Door to the Wisconsin Supreme Court. Courtesy State of Wisconsin

Michael Gableman is not up for re-election until 2018 but you would never know it if you are tuned into the 2010 Wisconsin Supreme Court race.

Justice David Prosser is seeking his second full term on the high court, challenged by attorneys Jo Anne Kloppenburg, Joel Winnig and Marla Stephens. But during a judicial forum held at the Milwaukee Bar Association on Thursday most of the conversation dealt with Gableman’s campaign and the Supreme Court’s failure to come to a decision on how he should be punished for possible implied lies against his opponent Louis Butler in campaign ads.

All three challengers cited the court’s Gableman decision to be wrong. Stephens, the former chairperson of the Wisconsin Judicial Council, called Gableman a liar and the court should have had the courage to say he was wrong. Winnig, a Madison attorney who has run for Supreme Court previously, said the Gableman situation compelled him to run for Prosser’s seat.

“I saw dishonest arguments by (Gableman’s) attorneys and they were not challenged properly,” Winnig said. He added that Chief Justice Shirley Abrahmanson’s comments during the hearing that ‘it is difficult to judge someone you work with’ made him understand he had to stand up for the people and integrity of Wisconsin.

Kloppenburg, a state assistant attorney general focusing on environmental issues, at first said the case the Supreme Court got wrong was the one she lost in front of them, but added that the Gableman case has damaged the confidence the public has in the court and its integrity. She tried to stay above the fray of the debate, telling voters that she would act as the kind of justice she would want to argue before.

Prosser was on defense most of the time, explaining his position on Gableman and comments made by his campaign director, Brian Nemoir, that Prosser would “protect the conservative judicial majority and act as a common sense complement to both the new administration and Legislature.”

“I am a judicial conservative, not an activist,” Prosser said. “In fact, the Wisconsin manufacturers and Commerce found me to be the least activist justice and that is not a bad thing.”

Prosser said he understands his role on the court; not to substitute his viewpoint for the view of the Legislature that crafts laws. “I respect the other branches of government so long as they’re constitutional.”

As for Gabelman, Prosser was one of the three votes to not censure his fellow justice. He said he looked at the case against Gableman as a strict First Amendment case and considered the fact that three appellate court judges also voted to dismiss the charges.

Throughout the discussion all the candidates focused on integrity and restoring the public’s trust in the court. Kloppenburg said the labels of conservative, liberal, progressive or activist are detrimental to the discussion. She said justices shouldn’t prejudge cases and labeling fellow justices cuts off the free discussion of the rule of law.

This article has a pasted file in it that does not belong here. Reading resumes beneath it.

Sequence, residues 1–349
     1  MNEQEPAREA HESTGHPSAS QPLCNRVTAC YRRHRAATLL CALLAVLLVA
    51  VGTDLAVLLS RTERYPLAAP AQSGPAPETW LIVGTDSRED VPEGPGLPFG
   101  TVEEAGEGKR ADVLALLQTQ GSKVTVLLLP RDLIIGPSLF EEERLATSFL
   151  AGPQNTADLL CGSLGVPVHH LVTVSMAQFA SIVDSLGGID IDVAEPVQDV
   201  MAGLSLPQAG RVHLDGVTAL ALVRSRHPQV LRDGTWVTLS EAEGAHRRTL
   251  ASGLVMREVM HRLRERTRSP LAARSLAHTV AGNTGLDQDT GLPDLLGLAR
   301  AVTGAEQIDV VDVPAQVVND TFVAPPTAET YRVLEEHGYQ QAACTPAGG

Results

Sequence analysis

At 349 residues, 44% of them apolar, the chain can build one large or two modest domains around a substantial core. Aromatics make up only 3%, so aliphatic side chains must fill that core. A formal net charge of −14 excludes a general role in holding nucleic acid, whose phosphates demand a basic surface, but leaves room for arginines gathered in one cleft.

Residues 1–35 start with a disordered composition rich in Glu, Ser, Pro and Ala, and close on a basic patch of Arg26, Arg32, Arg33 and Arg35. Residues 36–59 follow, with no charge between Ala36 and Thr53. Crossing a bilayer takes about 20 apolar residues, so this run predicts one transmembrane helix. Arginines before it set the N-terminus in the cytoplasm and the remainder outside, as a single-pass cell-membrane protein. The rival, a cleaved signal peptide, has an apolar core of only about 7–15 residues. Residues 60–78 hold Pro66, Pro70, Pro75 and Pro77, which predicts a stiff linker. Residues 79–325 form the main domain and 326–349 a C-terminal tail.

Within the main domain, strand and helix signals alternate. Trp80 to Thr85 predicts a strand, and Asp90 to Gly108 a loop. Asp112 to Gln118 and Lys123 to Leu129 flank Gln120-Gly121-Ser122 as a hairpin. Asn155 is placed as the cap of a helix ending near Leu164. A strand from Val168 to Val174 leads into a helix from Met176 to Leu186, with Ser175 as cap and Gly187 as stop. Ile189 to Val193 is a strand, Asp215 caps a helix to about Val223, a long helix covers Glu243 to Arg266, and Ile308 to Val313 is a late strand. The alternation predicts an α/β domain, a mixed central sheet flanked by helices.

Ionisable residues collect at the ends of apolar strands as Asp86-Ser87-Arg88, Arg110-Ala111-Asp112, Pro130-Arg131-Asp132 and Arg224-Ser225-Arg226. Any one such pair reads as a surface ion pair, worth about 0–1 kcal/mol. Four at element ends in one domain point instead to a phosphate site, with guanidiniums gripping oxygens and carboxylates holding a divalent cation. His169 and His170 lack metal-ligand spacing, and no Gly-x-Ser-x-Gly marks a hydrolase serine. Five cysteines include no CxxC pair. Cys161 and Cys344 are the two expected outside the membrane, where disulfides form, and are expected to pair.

“I will put all of (the labels) aside and focus on the law, applying the facts with an open mind,” she said. “Civility matters,” she said. “It sends a message that the court is doing its job.”

Winnig proudly calls himself an independent; a justice that will interpret the law and not always doing what is popular. He promises voters that he can work with anyone, explaining that even though he respects the Chief Justice he will not always do what she says.

Stephens describes the current court as divisive and made up of camps and loyalties. She wants to end that, through the election. “During my 10 years as chair of the Judicial Council, I worked with many different viewpoints and we all interacted respectfully,” she said. “We need to focus on our common beliefs and what we agree on. Everyone needs to be listening.”

Prosser took issue with the other candidates that he is part of the problem on the court, explaining how he at one time came to the Chief Justice’s side when her position was threatened, but then fell out of favor with her. “There is divisiveness on the court, but I am not the source of it.”

Instead, he calls for an independent outside study on how the court can improve its image and communication between members.

Finally, an audience question that is near to most journalists hearts – should access to open court records be restricted, especially on the Internet?  Again, all agreed that the state’s open records law demands the public have access to court records. The problem has been when citizens go onto the Web-based Circuit Court Access Program to conduct background checks on potential employees, babysitters and boyfriends. Some of the information has been misinterpreted, leaving innocent people to suffer job loss and other indignities who have been misidentified or misinterpreted.

Prosser touted that he has been instrumental in securing stable funding for CCAP, but added if it or any court records are inaccurate, they need to be corrected.

Stephens said the open records law is clear, but the real question is should court records be on the Internet. She, along with Winnig and Kloppenburg, all suggested some change in captioning on the CCAP site to alert users if the charges were dismissed or expunged, leaving the person listed on the page as legally innocent.

The four candidates will appear on the Feb. 15 ballot. The top two voter getters will move onto the April 5, with that winner serving a ten-year term on the State Supreme Court.

 

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